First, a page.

Daryl Brewster, CECP

Daryl Brewster

Corporate Societal Engagement

Editors’ Note

Daryl Brewster has served as the turnaround CEO of Krispy Kreme Doughnuts, Inc.; President of Kraft’s $6-billion North American Snacks, Confections, Cereal, and Pet portfolio; President of the $2-billion Planters Specialty Products Company; and Managing Director of Campbell’s U.K./European operations. In addition, Brewster founded a boutique consulting firm, served on the board of E*Trade Financial Holding Company, and currently serves on several public, private, and nonprofit boards.

Organization Brief

CECP (cecp.co), a global nonprofit organization, is a coalition of 150 CEOs from some of the world’s largest companies across a wide range of industries who are united in the belief that societal improvement is an essential measure of business performance. CECP fosters executive leadership, collaboration, innovation, and measurement among more than 200 affiliated leading global companies striving to solve some of the world’s most pressing problems through their skills and resources.

How has the organization evolved and how do you define the value of CECP?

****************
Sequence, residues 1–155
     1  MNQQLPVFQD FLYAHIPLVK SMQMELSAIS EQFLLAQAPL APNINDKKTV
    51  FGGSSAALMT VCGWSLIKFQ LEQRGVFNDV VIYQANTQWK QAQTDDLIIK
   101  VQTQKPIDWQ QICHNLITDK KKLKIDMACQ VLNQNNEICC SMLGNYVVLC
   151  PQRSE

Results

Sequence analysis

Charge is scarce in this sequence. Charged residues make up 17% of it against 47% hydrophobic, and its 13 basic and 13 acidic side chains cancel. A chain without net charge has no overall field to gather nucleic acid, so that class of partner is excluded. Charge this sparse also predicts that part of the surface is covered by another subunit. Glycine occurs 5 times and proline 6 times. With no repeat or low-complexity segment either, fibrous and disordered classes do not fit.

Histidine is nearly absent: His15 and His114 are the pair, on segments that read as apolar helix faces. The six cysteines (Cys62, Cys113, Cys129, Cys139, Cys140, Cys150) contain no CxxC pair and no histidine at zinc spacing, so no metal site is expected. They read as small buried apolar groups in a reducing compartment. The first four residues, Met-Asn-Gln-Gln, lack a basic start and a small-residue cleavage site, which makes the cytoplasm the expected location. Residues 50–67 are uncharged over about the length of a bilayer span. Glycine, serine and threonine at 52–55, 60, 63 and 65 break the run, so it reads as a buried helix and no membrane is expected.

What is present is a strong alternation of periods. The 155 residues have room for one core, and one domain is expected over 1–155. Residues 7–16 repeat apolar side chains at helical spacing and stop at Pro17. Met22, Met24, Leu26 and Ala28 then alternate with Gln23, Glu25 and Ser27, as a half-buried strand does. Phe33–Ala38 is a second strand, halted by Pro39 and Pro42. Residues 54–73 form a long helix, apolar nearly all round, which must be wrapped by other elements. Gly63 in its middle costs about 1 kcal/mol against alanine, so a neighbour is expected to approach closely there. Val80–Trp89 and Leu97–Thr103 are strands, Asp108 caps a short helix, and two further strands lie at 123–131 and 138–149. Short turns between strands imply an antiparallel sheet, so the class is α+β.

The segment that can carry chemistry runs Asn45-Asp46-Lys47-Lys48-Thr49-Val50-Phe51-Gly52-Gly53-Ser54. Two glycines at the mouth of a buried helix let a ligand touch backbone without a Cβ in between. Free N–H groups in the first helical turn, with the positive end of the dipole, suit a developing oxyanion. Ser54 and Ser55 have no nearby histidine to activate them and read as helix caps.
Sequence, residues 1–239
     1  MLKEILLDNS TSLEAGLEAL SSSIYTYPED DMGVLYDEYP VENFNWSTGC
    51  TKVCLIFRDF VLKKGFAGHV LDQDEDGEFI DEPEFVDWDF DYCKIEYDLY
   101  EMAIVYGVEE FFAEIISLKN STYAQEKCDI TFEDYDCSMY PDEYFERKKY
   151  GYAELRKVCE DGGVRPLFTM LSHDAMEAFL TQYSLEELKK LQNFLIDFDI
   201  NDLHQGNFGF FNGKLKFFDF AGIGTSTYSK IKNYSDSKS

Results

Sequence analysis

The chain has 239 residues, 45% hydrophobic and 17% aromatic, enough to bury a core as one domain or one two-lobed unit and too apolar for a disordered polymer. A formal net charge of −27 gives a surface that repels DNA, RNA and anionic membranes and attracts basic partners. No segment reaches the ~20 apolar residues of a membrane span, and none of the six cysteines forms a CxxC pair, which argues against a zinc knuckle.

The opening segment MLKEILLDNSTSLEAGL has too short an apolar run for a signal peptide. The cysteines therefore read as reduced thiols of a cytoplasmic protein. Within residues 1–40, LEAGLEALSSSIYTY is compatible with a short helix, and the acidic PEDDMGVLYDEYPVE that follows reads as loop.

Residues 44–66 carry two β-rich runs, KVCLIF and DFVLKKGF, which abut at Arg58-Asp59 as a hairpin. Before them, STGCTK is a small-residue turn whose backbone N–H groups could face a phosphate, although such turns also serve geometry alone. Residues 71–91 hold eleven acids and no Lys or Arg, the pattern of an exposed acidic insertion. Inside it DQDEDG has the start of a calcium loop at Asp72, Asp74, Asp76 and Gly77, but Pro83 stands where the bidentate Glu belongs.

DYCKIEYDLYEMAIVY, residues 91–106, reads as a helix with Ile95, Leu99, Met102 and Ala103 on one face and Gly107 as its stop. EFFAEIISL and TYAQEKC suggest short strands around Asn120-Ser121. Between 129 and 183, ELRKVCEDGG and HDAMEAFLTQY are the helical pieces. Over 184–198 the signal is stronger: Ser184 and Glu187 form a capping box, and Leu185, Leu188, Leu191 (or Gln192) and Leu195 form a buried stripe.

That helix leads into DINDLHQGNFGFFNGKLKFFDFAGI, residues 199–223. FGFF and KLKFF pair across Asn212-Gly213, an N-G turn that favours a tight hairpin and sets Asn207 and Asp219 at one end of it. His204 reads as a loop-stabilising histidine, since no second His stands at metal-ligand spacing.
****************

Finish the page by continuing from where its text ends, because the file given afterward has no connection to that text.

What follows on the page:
CECP was founded by Paul Newman and leading CEOs 15 years ago with the notion that business could and should be a force for good in society.

In the early days, the focus was on corporate philanthropy, but this has evolved into the more strategic practice of corporate societal engagement and investment. Companies are creating programs that align with the values and purpose of their employees, stakeholders, and customers and identifying measurable goals for these programs as they would for any investment they make.

CECP has evolved as the world has evolved. Today, we are a leadership voice in corporate societal investment. We foster best practices, networking, innovative solutions, and measurable results for business to be a driving force for change in society.

What approach does the organization take to that mandate today?

We look at the role as a dual-mandate. The first mandate is to support the over 200 companies we have which represent more than $7 trillion in annual revenue and $20 billion of yearly giving. The second mandate is to advance the movement, so as to get a deeper and broader array of companies to engage in both the U.S. and abroad.